• I understand that you’re a photographer and all. But seriously, leave that tripod back home. The trouble of carrying it around far outweighs its actual use. I made that mistake; hope you don’t.

11. Best practices.

Start Early. 
  • Make it a point to get up early and ride out (preferably 6:30 AM). Idea is to beat the city traffic, enjoy the bliss of riding in the golden hour and putting about 100 kms before breakfast all at the same time.
  • Earlier you start, longer you can stay on the roads and more things you can explore along.
Avoid night riding.
  • It’s not that your riding skills fail you after sundown. It’s just an unnecessary risk that you don’t deserve when your body and mind seeks relaxation.
  • Also, managing a breakdown in the night (without light, mechanic on a lonely highway) isn’t all that fun.
Replenish and Rejuvenate
  • Make sure you eat healthy and get plenty of rest. Don’t get into that late night gossip or parties. Remind yourself, “Better things await tomorrow”.
  • The key factor determining the journey and the quality of experience is you. It’s not the roads, weather or the bike. YOU are the prime mover of this entire endeavor. Remind yourself, “Tomorrow, when rubber meets the road, YOU are all YOU have.”

Other related posts on my K2K ride,
Let me know your thoughts and/or post additional questions to the list in the comments section. 

Thursday, March 8, 2012

Biking is meditating

What’s the craze between a guy and his motorcycle? 
Now that the simple answer, “Biking is an attitude and a way of life” wouldn’t suffice, let’s complicate …

Don't get shocked. This is a democratic land (some are trying to privatize internet though) and we are all entitled to our opinions. Yes, I  believe that biking has the meditating effect. Before I can connect biking with meditation, allow me to break down the meditative state of mind for you. 

The human mind, with all its complexities still retains the beauty of holding just one thought at a time. Let us take an example for clarity. Suppose you are in the middle of a road and all of a sudden u hear the sound of a speeding truck. Now, the following things simultaneously happen.
  • You feel a shock wave running down your spine alerting all your senses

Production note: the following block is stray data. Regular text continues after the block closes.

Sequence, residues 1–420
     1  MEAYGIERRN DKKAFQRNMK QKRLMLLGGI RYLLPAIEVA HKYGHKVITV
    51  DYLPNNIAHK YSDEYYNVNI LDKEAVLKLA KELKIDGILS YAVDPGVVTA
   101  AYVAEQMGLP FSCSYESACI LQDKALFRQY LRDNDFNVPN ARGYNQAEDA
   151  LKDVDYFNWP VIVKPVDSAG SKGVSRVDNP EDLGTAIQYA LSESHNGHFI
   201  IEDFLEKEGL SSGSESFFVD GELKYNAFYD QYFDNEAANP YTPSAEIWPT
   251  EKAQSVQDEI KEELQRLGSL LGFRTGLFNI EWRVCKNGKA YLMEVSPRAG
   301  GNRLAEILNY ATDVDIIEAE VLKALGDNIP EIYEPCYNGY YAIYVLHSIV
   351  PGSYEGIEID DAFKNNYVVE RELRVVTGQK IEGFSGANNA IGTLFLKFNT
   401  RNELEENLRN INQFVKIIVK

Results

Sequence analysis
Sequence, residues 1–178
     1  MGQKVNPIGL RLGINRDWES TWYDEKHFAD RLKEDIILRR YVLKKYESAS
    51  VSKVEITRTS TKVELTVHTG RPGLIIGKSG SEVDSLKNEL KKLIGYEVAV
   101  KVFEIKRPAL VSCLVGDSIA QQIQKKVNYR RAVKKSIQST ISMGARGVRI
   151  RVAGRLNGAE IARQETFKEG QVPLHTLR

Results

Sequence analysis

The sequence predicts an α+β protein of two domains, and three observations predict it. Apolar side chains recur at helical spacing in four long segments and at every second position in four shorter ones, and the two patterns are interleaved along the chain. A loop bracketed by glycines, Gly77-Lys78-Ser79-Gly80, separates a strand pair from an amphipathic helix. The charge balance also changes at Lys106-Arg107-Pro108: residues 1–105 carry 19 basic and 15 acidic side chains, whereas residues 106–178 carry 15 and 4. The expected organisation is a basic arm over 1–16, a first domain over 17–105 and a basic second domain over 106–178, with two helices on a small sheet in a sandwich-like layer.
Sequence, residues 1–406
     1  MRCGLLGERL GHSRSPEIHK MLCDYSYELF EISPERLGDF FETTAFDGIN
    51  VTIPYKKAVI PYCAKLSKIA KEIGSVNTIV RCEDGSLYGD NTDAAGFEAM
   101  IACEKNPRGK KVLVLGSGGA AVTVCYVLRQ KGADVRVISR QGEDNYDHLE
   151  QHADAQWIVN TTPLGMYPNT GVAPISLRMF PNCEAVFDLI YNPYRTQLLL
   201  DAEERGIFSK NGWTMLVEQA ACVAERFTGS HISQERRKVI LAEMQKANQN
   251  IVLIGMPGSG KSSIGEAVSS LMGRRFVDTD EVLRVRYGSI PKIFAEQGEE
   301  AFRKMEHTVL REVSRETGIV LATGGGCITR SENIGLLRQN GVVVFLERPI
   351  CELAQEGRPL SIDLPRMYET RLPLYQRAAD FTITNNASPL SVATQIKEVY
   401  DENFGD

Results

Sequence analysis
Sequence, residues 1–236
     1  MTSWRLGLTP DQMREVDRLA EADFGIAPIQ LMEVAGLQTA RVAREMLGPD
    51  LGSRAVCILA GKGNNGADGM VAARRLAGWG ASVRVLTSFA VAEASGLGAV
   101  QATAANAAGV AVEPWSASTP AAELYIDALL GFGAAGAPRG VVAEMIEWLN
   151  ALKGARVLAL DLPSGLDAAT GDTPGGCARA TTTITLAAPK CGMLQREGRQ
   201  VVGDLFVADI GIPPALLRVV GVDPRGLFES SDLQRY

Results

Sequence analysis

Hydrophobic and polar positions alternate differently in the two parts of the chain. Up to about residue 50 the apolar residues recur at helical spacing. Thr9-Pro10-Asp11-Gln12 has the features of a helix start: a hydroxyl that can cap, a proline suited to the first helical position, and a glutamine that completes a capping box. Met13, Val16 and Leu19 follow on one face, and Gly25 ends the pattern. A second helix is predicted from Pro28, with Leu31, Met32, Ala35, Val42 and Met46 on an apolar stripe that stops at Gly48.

• Your eyes tries to confirm the if the truck will indeed hit you or miss you
  • Your ears complement your eyes in ascertaining the time to collision
In the end it is left to the brain to assess the situation, revisit previous such encounters, evaluate options and take a decision. The drill is pretty much the same for most circumstances. It really doesn't take a speeding train or a truck to experience this. The falling glass of water, stumbling over a stone, catching a ball or even something as subtle a beautiful girl walking past you.

If you carefully observe, there are always three distinct forces at work determining our actions; our senses, sub-conscious self and the conscious mind. It would do good to draw comparison with the computing world to understand the role of each one of the forces. 

Your 5 senses are like the peripheral data gathering I/O devices. They are in the business of sensing the external environment. Every waking milli-second of our lives, the senses are seeing things, capturing noises, smelling the surrounding and feeling the air. They are constantly capturing raw data and passing it on to the next stage. Raw data includes everything from the sound of the truck to unpleasant odor to sighting of a beautiful girl.

The sub-conscious self is into the business of conducting sophisticated big data analysis over the  information passed on by the senses. Our sub-conscious self specializes in finding patterns and trends in random data. For example, a shrill sound with a rapidly increasingly intensity could mean oncoming truck; your left foot not finding ground in time can mean that you've tripped and about to fall; a sudden burst of blinding light can either mean someone is flashing a torch at your face or you could be witnessing an atomic explosion. If you've been reading the newspapers, you'd know that IBM Watson does this very well. It literally read through (almost) all the digital garbage of the world (at least America) and posed meaningful and grammatically correct questions to random sentences on a TV show. Congrats Watson. Now that you have championed English grammar, I dare you with table manners !!